Inspired by the ageing Burt Munro — who took his home-engineered motorbike to America, and won a land speed record — this passion project was Roger Donaldson's first locally made film in two decades. Variety called it a "geriatric Rocky on wheels”; Roger Ebert praised Anthony Hopkins' performance as one of the most endearing of his career. The result sold to 126 countries, spent five weeks in the Australian top six, and became Aotearoa's highest-grossing local film — at least until Boy in 2010. Alongside an excerpt and making of material, Costa Botes writes about the film here.
Occasional Heartland host Annie Whittle visits Patea in this full-length episode, and finds the town in rehearsal for the story of its own life. A decade in the making, Poi E - The Musical chronicles Patea's triumphs and tragedies, following the closure of the local freezing works in 1982. Whittle talks to Dalvanius Prime — the musician behind both the original number one song, and the Poi E musical — about the impact the closure had on the township. The programme ends with a rousing live version of 'Poi E'. Prime would pass away in October 2002.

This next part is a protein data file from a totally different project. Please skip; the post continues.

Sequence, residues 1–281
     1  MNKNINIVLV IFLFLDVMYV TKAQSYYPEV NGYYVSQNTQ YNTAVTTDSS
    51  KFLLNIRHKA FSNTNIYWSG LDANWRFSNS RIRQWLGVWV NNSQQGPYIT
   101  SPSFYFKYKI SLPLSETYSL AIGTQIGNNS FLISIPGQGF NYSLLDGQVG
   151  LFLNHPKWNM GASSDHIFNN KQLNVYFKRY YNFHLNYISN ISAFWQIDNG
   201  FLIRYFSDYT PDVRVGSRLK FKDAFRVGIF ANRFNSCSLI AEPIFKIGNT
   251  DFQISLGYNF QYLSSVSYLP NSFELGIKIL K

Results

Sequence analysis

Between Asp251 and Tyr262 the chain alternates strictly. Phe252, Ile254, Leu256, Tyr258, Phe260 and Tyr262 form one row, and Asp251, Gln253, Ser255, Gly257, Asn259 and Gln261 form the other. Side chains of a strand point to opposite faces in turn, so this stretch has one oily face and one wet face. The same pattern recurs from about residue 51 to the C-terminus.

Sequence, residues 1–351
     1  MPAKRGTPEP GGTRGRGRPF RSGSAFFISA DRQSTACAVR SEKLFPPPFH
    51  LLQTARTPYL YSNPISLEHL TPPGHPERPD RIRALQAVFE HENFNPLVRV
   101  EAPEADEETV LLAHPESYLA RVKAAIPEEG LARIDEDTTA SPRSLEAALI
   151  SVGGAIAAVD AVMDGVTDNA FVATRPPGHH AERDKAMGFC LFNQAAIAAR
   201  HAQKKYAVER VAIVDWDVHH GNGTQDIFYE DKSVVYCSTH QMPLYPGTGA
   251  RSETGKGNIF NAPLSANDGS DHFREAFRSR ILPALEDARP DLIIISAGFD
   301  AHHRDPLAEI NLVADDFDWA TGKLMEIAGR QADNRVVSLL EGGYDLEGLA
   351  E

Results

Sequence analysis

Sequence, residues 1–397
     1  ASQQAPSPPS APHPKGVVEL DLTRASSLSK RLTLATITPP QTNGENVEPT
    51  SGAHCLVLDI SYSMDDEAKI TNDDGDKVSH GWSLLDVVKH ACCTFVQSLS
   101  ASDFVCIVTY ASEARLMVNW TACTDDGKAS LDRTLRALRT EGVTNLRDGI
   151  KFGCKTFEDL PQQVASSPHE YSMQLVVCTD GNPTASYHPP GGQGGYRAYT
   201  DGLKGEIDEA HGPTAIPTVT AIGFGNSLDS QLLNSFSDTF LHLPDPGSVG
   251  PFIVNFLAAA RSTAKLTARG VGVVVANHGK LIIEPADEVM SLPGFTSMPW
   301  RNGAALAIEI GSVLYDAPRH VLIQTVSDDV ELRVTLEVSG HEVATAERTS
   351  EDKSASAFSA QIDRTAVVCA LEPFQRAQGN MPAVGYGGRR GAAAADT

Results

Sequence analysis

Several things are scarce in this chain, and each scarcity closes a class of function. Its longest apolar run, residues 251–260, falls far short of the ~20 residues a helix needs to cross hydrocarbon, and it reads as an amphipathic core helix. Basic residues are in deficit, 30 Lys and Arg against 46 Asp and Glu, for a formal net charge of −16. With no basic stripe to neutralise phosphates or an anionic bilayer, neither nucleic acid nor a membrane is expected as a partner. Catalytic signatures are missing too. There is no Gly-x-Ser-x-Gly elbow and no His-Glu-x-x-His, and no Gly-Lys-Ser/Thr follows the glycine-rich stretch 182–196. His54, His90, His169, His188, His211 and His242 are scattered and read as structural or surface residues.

In this episode of the Jon Gadsby written rural sitcom, the locals at The Rabbiter’s Rest pub attempt to take an overzealous young constable down a peg. Michael Haigh (Gliding On) has yet another of his police roles as the worldly wise local sergeant. No appearance from Gadsby in this episode, but David Telford plays the genial proprietor, Doreen the barmaid reprises the role Annie Whittle made famous in A Week of It, and Billy T James is among the regulars propping up the bar. The humour is gentle; some of the jokes are shaggier than the local sheep flock at shearing time.